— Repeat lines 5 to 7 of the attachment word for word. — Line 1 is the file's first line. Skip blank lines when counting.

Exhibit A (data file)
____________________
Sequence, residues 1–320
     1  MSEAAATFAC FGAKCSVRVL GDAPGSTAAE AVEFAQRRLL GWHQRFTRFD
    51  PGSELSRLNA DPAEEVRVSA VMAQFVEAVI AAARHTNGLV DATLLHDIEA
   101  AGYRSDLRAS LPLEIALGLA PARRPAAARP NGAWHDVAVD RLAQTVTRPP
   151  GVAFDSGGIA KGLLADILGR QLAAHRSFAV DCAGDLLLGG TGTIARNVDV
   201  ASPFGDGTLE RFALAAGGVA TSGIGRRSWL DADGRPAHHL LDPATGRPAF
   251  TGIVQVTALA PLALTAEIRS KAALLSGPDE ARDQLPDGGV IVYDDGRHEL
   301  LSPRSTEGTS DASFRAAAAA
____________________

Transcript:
   151  GVAFDSGGIA KGLLADILGR QLAAHRSFAV DCAGDLLLGG TGTIARNVDV
   201  ASPFGDGTLE RFALAAGGVA TSGIGRRSWL DADGRPAHHL LDPATGRPAF
   251  TGIVQVTALA PLALTAEIRS KAALLSGPDE ARDQLPDGGV IVYDDGRHEL